Oh, I also know this: God wants me to pray. He does not want me to pray for results. He does not want me to pray to earn “spiritual points.” He does not want me to pray to occupy space on my schedule or to keep the food from causing indigestion. He wants me to pray because He loves me and He wants to talk to me. And that is humbling and loving and more than reason enough.

9 Pray then like this: “Our Father in heaven, hallowed be your name. 10 Your kingdom come, your will be done, on earth as it is in heaven. 11 Give us this day our daily bread, 12 and forgive us our debts, as we also have forgiven our debtors. 13 And lead us not into temptation, but deliver us from evil. Matthew 6:9–13 (ESV)

Shannon L. Newsome | February 27, 2019

As I write this post, I have just finished my lunch from Taco Bell. It was the exact same thing that I have eaten for lunch the last three days, and the same thing I've had almost every weekday over the last 14 months (a chicken soft taco, chunky-style, Fresco-style, with added black beans and a steak soft taco, Fresco-style, both with Mild, Hot, and Diablo sauces... for those who are interested).

I'm feeling blessed... and not just because I love Taco Bell. No, I have been feeling blessed all week long.

When I taught on Jesus' Beatitudes a couple weeks ago, I said that the Greek word makarios (μᾰκάριος) in Matthew 5:3-11 that is often translated "blessed" is a word that's unlike any word in our English language. The meaning is hard to pin down, and so its translation is all over the place, including "happy" (Good News Bible) and "very fortunate" (The Living Bible).

Happy... fortunate... blessed... 

Yep... guilty as charged.

The reality is that all of us are blessed. Even in the most difficult times of our life, we are an incredibly blessed people.

Charles Spurgeon said: "In prosperity, God is heard, and that is a blessing; but in adversity, God is seen, and that is a greater blessing."

This past Sunday afternoon, my wife and I had the privilege of both "hearing" and "seeing" God's blessings through our church family. Reidsville Christian Church had a reception honoring my 30 years as minister (the first five years were as the youth minister, then the preaching minister for the last twenty-five). 

It was an incredible afternoon!

To start with, there were numerous varieties of kringle (for those who failed to click the link in my 11/25/18 post, here's another chance), delivered fresh from Racine Danish Kringles in Wisconsin. Both the cinnamon roll and cream cheese flavors are enough to make anyone feel blessed!

In addition, I spent over an hour Sunday night reading the more than seventy cards and the gracious comments written in them. As if the words weren't a blessing enough, many of them also contained gifts. (I now have enough Taco Bell gift cards to last me for the next three months!)

I am blessed.

But the greatest blessing of the day was the opportunity to reminisce with so many who I have the privilege of doing "church" with... some who have been with me for the entire thirty years, some who have just joined the journey, and many in-between. Through both laughter and tears, we shared together how God has blessed all of us in so many ways.

Having been here for so long, I've had numerous opportunities to see God at work in the lives of people who I dearly love, both in their good times and bad. I have also had the privilege to come alongside them and celebrate or mourn with them.

You know, I never wanted to be a preacher; I've said that a number of times through the years. And I certainly never intended to stay at one church for my entire preaching ministry (At the risk of sounding like I might be leaving, I need to insert "thus far" here or it will sound like I am retiring. Please know that I have no desire to do either!)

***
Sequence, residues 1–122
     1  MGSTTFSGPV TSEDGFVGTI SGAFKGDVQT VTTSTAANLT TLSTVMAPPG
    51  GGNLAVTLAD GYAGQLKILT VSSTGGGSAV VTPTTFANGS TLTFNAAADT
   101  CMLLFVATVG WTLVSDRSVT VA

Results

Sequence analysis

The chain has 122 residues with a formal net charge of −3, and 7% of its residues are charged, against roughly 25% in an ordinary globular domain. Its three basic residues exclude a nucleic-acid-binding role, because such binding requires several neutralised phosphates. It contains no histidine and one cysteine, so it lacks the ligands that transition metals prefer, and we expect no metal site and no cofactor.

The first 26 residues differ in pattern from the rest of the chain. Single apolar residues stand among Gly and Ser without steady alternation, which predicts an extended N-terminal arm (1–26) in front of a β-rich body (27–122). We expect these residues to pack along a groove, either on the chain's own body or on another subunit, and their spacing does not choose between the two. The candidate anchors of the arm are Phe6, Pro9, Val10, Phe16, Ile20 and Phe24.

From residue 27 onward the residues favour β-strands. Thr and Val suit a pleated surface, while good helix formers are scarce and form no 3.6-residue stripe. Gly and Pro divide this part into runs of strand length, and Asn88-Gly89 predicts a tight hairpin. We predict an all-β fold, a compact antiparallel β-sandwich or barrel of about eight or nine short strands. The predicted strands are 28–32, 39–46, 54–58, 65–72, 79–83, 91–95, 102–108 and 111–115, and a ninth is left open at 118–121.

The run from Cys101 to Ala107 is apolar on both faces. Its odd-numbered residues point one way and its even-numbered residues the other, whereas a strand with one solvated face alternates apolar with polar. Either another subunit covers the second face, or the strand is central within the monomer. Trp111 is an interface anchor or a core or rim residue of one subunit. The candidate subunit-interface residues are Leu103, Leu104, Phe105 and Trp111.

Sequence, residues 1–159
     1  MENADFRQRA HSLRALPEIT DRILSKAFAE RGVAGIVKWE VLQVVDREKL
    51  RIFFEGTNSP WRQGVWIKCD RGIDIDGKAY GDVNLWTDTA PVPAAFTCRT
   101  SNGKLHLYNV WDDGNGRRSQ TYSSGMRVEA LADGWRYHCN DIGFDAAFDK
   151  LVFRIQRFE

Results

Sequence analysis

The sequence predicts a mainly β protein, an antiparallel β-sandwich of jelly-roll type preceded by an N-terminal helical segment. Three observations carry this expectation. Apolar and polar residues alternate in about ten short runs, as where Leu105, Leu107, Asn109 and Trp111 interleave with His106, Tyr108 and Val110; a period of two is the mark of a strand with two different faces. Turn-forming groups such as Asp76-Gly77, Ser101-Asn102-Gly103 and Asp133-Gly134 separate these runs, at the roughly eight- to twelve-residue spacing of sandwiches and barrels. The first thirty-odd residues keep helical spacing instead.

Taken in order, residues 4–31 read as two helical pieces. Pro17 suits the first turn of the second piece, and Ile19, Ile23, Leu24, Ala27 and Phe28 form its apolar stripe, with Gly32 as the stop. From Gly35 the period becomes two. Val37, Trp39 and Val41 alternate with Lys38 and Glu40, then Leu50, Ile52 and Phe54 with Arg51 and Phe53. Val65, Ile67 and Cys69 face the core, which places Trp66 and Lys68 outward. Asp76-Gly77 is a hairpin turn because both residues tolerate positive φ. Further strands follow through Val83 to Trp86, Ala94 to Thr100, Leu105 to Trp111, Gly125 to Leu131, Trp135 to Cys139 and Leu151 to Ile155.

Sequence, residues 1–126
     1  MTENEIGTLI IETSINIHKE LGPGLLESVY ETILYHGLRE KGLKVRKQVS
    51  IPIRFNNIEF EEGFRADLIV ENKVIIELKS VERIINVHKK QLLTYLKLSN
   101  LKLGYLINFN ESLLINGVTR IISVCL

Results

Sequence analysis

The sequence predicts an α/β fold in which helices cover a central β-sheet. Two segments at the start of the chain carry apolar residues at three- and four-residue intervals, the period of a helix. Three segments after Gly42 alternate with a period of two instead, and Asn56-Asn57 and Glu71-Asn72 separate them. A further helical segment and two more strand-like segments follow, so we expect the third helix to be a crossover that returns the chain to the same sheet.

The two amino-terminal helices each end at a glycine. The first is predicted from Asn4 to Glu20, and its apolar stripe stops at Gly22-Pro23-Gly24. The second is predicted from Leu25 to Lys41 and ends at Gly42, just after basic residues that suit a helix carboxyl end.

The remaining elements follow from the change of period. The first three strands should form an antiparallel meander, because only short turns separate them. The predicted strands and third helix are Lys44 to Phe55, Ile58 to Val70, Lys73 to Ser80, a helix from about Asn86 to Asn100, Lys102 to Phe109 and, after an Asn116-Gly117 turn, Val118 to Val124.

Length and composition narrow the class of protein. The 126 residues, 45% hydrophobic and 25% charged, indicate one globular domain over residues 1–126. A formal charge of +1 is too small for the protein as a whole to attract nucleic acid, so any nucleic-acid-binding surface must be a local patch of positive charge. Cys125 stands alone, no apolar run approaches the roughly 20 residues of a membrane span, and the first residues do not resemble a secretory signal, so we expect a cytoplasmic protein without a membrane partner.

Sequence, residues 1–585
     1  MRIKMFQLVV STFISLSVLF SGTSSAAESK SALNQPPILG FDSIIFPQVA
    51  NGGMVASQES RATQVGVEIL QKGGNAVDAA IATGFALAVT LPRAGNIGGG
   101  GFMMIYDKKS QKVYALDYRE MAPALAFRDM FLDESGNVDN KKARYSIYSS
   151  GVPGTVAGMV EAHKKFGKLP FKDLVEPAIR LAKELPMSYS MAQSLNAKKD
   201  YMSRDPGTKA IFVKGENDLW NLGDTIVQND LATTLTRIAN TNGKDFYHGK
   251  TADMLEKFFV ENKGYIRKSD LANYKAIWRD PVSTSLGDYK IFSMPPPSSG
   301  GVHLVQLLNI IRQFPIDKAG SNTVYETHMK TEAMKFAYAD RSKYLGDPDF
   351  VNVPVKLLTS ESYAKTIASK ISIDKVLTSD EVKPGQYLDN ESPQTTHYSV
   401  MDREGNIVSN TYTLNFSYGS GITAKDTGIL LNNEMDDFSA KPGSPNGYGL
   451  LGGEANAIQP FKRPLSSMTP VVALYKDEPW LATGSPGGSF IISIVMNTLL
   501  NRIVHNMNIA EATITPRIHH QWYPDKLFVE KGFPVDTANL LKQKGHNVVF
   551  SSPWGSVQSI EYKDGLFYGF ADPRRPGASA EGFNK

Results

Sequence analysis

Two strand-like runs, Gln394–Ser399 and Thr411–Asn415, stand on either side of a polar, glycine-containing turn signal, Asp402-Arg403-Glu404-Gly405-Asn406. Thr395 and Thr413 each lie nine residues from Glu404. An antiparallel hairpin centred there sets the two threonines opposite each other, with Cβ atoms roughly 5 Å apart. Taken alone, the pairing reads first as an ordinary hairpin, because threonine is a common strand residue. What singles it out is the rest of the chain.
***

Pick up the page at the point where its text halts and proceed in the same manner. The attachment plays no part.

Through the years, there have other ministry opportunities, but there was never really a peace about any of them. To be honest, as my wife and I were talking earlier this week, the "extras" that each new ministry offered were always things that we wanted to experience with our church family in Reidsville, rather than leave and experience them ourselves in some other place with another group of people.

I recently read that the average tenure of a pastor is now 6 years; 85% of seminary graduates entering the ministry leave within five years; 90% of all pastors don't last to retirement. 

I am confident that those statistics cover much better preachers and leaders than me, who simply did not have the opportunity that I have had to stay in a single church for three decades. The reasons for that could be numerous: Their church polity may not have allowed for it... or the people... or the minister him/herself.

But I tend to think the reason why so few ministers have stayed at a single church for the entirety is simply because they never had the opportunity to serve with a church family like the Reidsville Christian Church family.

I have no idea why God allowed me to be a part of RCC. Again, it was certainly not because I am the most skilled or gifted speaker or pastor... or that I have done anything to deserve my congregation's encouragement, patience, love and generosity.

But He did. He has. And, hopefully, He will continue to do so.

I am blessed.

By the way, everyone who has said, "I hope you stay another thirty years," I really appreciate the sentiment... and I do hope that I have many more years with you... but we both know you don't mean really mean it... and that's okay.

No amount of Taco Bell could keep me going that long!

G. Scott Patterson | February 20, 2019

Unhappy with much of the current TV and Netflix offerings, I have been searching my Roku device for some long-forgotten, “clean-ish” shows to watch when I want to be entertained. One that I am re-watching now is the 1980’s show, Hill Street Blues, the BEST Police drama ever (don’t even attempt to argue this point!). I loved it for so many reasons, but Sergeant Phil Esterhaus’ tag line at the end of every roll call, “Let’s be careful out there,” made a lasting impression on me. But I digress …